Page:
Polygon and its diagonals.

So there is a N sided polygon, and some given number of lines, K that we can use as diagonals to connect its vertices. For simplicity, if we view the polygon as a cyclic graph with N vertices, the goal is to use all K lines to connect its diagonals and minimize the number of incoming edges (or degree) of all vertices of the graph as much as possible by distributing every K over the vertices optimally, and finally get the maximum of degrees of all the vertices as the answer to the problem. In short, you have to try minimizing the degree of individual vertices, then the result is the maximum of the set of degrees of all vertices at that configuration.

for example,

if, N = 6 and K = 2,

the maximum degree of the graph after using all K lines to connect vertices( 6 in this case, one diagonal connecting two each), is 3.

Explanation, lets number the vertices of the hexagon here as 0, 1, 2, ...5. Now, we have to use all the K (=3) lines here as diagonals, so we can connect,

vertex 0 to vertex 2, vertex 1 to vertex 4, vertex 3 to vertex 5.

We have used up all the K lines as we were asked and the maximum of all the degrees we get is 3

( 2 + 1), where 2 edges are of adjacent vertices of that vertex and remaining one is the diagonal to the opposite vertex. ( there can be another configurations too like 0 to 3, 1 to 5 and 2 to 4, the output is same). In this case, every vertex will have same degree, i.e. 3, hence the max is 3.

Apparently, the output is same of same hexagon and with K = 2, because the maximum of degrees of all the vertices is still 3.

A few more examples, for, N = 6 and K = 8, result is 5,

for N = 5 and K = 4, result is 4.

I have been trying to establish some algebraic relation between N and K by simulating different situations but i have not been able to observe any pattern till now.

Any ideas?

P.S. : For clarification, the K cannot exceed $$n*(n-3)/2$$ , because that is the max. number of diagonals a polygon can have.

also, you can't overwrite already existing diagonals.

• Tell me if this is not what you are saying: when $K=0$ the result is $2$ as you seem to be counting the outer edges of the polygon anyway; when $0 \lt K \le \frac n2$ the result is $3$. Is there any reason to suppose this pattern does not continue, so when $\frac n2 \lt K \le n$ the result is $4$, and when $n \lt K \le \frac{3n}{2}$ the result is $5$, and in general when $(c-1)\frac{n}{2} \lt K \le c\frac{n}{2}$ the result is $c+2$? – Henry Sep 12 '19 at 22:20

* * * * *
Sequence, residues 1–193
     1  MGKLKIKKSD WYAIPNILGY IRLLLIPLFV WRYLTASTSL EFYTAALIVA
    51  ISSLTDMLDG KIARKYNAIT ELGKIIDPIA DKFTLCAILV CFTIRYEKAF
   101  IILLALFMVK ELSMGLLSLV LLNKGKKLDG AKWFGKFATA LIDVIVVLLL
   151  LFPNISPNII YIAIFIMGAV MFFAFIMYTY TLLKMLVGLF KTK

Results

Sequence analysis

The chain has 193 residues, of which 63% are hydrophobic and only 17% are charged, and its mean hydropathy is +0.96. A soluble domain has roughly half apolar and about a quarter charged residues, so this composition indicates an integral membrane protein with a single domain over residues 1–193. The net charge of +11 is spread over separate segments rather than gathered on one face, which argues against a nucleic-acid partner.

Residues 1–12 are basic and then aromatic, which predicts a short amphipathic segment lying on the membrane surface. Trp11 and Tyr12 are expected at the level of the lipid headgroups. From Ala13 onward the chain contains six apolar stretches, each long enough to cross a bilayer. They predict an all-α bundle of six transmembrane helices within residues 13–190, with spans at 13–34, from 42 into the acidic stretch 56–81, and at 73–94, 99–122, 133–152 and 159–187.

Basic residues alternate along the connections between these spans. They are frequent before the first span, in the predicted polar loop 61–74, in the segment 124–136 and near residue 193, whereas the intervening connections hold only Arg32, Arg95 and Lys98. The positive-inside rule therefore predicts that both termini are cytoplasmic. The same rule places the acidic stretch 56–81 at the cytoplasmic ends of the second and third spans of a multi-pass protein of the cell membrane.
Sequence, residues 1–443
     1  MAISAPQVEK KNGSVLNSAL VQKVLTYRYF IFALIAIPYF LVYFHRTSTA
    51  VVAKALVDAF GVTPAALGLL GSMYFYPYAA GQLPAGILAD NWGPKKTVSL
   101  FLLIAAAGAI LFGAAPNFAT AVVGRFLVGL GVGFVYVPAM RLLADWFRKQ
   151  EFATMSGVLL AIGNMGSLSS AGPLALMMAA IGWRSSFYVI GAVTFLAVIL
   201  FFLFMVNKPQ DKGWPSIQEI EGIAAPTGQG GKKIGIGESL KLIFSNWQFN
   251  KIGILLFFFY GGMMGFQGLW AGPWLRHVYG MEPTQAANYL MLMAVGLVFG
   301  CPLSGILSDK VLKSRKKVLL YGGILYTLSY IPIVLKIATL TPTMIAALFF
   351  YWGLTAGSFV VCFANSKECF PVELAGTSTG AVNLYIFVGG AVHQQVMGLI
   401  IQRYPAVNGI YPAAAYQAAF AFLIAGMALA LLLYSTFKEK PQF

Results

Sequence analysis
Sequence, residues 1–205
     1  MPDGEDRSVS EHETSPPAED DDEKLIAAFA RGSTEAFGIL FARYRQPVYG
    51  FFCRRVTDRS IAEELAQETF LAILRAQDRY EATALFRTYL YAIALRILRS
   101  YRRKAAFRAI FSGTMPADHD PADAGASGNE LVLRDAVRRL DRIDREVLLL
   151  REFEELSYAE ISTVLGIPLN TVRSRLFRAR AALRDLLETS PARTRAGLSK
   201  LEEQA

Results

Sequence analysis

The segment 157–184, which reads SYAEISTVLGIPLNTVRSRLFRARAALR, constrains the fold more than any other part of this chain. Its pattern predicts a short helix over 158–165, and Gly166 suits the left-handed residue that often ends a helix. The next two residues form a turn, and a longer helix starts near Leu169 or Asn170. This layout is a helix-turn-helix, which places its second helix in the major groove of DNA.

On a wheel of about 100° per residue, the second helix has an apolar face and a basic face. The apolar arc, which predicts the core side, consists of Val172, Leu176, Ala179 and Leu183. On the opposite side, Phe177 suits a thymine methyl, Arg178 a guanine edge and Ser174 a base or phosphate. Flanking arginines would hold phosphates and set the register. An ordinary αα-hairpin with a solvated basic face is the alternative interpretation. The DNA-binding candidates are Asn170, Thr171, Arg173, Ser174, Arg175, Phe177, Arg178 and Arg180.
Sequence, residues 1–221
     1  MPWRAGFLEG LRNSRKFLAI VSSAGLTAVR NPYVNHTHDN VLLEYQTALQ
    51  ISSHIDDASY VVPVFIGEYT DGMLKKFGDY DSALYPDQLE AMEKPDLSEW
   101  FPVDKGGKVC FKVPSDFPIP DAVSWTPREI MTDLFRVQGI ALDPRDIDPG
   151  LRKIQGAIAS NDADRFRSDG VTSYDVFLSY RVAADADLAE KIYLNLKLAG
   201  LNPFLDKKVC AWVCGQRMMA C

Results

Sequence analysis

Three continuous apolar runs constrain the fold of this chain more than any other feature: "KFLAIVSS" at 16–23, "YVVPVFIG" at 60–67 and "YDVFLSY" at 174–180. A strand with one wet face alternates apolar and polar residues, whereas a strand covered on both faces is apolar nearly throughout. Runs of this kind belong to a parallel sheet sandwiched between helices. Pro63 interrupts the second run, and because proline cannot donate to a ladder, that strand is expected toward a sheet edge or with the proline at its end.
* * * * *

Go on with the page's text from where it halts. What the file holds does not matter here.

• @Henry , try N = 6 , K = 6, according to your simulation result should be 4, but if you try drawing a hexagon on paper, the result is 5, you have to try minimize the degree of individual vertices, then choose maximum one out of them as the result, in case of n,k = 6, 6; 5 of 6 when 5 of 6 lines are used up, the maximum degree is 4, when the 6th line comes, it has to connect to a vertex which already has degree 4. – sweetsecret Sep 12 '19 at 22:50
• sweetsecret: With $N=6,K=6$ you start with a hexagon and can draw a hexagram inside (you end up with every connection except those to opposite vertices) so every vertex is of degree $4$ – Henry Sep 13 '19 at 7:53
• @Henry Yes, you are right, the pattern seems to follow this inequality. – sweetsecret Sep 13 '19 at 16:23

I'll suppose that $$n\geq3$$ and $$k\leq\frac{n(n-3)}{2}$$ as otherwise there are more diagonals to draw than there are possible pairs of vertices to connect. If you allow edges with multiplicity, however, the same argument still holds.

Let $$r$$ be the remainder of $$k$$ divided by $$n$$, so that $$k=qn+r$$ for some nonnegative integer $$q$$. As $$k\leq\frac{n(n-3)}{2}$$ we have $$q\leq\tfrac{n-3}{2}$$. Label the vertices of the cyclic graph with the elements of the cyclic group $$\Bbb{Z}/n\Bbb{Z}$$. For each $$a\in\Bbb{Z}/n\Bbb{Z}$$ and each $$b\in\{2,\ldots,q+1\}$$ draw a diagonal between $$a$$ and $$a+b$$. Note that all these diagonals are distinct because $$q\leq\tfrac{n-3}{2}$$. Now every vertex has degree $$2q+2$$, and there are $$r diagonals left to draw:

1. If $$r=0$$ then the minimal maximum degree is $$2q+2$$.
2. If $$0 then the minimal maximum degree is $$2q+3$$.
3. If $$\tfrac{n}{2} then the minimal maximum degree is $$2q+4$$.

Recall that twice the number of edges is the sum of the vertex degrees, so the average vertex degree is $${2(n+k)\over n}$$ There must then be at least one vertex of degree $$2+\left\lceil{2k\over n}\right\rceil$$ which is the minimum possible.

• Wait, are you saying $2 + \lceil 2k/n \rceil$? – sweetsecret Sep 12 '19 at 22:36
• @sweetsecret Yes, thank you. – saulspatz Sep 12 '19 at 22:57
• but it is still not working, you have to find the maximum of the set of degrees of all vertices of the polygon. Your solution finds the minimum degree of the set. – sweetsecret Sep 12 '19 at 23:05
• @sweetsecret I thought you wanted to minimize the maximum degree. That's what this does. Try it on your examples. – saulspatz Sep 13 '19 at 0:07